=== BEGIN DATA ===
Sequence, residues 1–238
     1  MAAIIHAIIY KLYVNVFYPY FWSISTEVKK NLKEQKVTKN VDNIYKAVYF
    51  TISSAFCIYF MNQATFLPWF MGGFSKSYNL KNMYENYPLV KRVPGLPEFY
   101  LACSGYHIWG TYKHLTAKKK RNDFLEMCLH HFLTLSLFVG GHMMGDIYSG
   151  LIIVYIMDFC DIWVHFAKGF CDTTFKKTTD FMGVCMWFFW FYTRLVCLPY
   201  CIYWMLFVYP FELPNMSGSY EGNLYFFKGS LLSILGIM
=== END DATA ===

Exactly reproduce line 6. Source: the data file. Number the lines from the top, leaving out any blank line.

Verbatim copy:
   201  CIYWMLFVYP FELPNMSGSY EGNLYFFKGS LLSILGIM